Kangaroos and Domestic Livestock – A Comparison of Greenhouse gas Production

The Society for Conservation Biology in USA published a report by AWS on 5 August 2008, that describes how kangaroos could be utilised to help reduce Australia’s methane emissions. It proposes that eating more kangaroos in lieu of cattle and sheep will help slow climate change. Download

On 30 Sep 2008 the Garnaut Climate Change Review Final Report referred to the study in Chapter 22 and there was considerable media interest in follow up. Articles have appeared in New Scientist and National Geographic.

A popular version ‘Roo diet placed on the Greenhouse menu’ has been published by Australasian Science and can also be downloaded.We have also prepared an opinion piece on the ABC Web Site Eating kangaroos could reduce emissions. It had the opportunity to comment and respond.

The Sydney Morning Herald led the follow up in an article by James Woodford. 

The study in Conservation Letters showed that on the rangelands where the kangaroo industry exists, an increase in the kangaroo population to 175 million with a 30 percent reduction in total cattle and sheep populations by 2020 would lower Australia’s annual greenhouse gas emissions by 3 percent, or 16 megatons.

Livestock produce large amounts of the greenhouse gas methane. Sheep and cattle constitute 11 percent of Australia’s total greenhouse gas emissions. Kangaroos, however, produce relatively little methane because they are not ruminants.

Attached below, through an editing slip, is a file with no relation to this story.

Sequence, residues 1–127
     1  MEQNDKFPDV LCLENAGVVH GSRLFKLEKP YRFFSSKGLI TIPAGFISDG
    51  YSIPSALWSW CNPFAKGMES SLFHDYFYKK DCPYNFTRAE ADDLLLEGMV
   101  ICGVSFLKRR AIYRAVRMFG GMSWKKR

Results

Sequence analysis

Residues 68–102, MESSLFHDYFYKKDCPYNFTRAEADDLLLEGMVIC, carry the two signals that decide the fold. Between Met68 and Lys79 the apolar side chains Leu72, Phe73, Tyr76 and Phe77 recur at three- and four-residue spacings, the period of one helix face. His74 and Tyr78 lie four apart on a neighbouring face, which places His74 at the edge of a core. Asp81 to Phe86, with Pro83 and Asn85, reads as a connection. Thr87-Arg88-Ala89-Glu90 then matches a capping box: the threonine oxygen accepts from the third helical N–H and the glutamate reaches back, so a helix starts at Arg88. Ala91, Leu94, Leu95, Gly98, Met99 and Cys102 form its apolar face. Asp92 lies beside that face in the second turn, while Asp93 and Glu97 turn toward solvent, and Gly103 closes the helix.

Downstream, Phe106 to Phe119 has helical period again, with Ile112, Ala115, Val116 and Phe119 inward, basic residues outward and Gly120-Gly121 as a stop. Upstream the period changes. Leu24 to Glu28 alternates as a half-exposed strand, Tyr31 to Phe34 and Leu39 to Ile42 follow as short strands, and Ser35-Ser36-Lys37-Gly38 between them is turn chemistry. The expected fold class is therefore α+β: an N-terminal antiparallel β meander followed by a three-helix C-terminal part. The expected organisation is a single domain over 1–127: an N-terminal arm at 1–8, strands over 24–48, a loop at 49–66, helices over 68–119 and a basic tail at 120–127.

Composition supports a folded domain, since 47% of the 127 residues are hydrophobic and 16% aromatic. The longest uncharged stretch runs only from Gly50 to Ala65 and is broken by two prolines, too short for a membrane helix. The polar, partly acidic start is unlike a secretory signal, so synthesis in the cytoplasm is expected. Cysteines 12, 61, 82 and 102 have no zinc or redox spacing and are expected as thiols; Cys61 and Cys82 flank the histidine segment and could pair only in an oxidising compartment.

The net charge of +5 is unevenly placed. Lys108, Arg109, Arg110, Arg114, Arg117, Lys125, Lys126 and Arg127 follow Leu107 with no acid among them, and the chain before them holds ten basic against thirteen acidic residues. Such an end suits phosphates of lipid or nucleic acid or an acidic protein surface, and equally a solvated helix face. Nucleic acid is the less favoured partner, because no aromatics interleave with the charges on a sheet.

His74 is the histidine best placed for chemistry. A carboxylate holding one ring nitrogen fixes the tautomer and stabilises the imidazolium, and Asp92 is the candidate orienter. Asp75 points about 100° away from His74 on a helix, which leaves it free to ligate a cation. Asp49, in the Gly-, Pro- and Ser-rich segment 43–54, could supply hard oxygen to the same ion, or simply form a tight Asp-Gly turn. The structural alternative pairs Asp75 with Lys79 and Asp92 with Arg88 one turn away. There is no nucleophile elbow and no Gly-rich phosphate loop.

In the press release that accompanied the report, Dr George Wilson was quoted as saying that “Increasing kangaroo numbers to produce the same amount of meat as cattle by 2020 would provide substantial conservation benefits.”

Methane has a warming potential over a 100-year time frame 21 times higher than that of CO2 and is a principal contributor to global warming. With a shorter lifetime in the atmosphere of 8 – 12 years compared to 100 years for CO2, reducing methane emissions is an attractive short-term target.

“Currently, farmers have few options to reduce the contribution that livestock make to greenhouse gas production. However, low-emission kangaroo meat will provide an option to avoid emissions permit fees and have a positive global impact.”

“Although we are proposing an increase in kangaroo numbers, from the current about 30 million and growth in the kangaroo harvesting industry, the net planned effect is for a lower grazing impact. This means there will be less damage from hard-hoofed livestock and maintenance of kangaroo and other wildlife habitat.

Trials are underway to test collaboration between farmers in the sustainable management of free-ranging species. (see below SWE trials) According to Dr Wilson “when landholders value a wildlife species populations increase and the conservation status of the species becomes more secure. This has been the case for similar iconic species such as springbok in South Africa, red deer in Scotland, and bison in USA.”

See full article at Conservation Letters web site and opportunity to download text.

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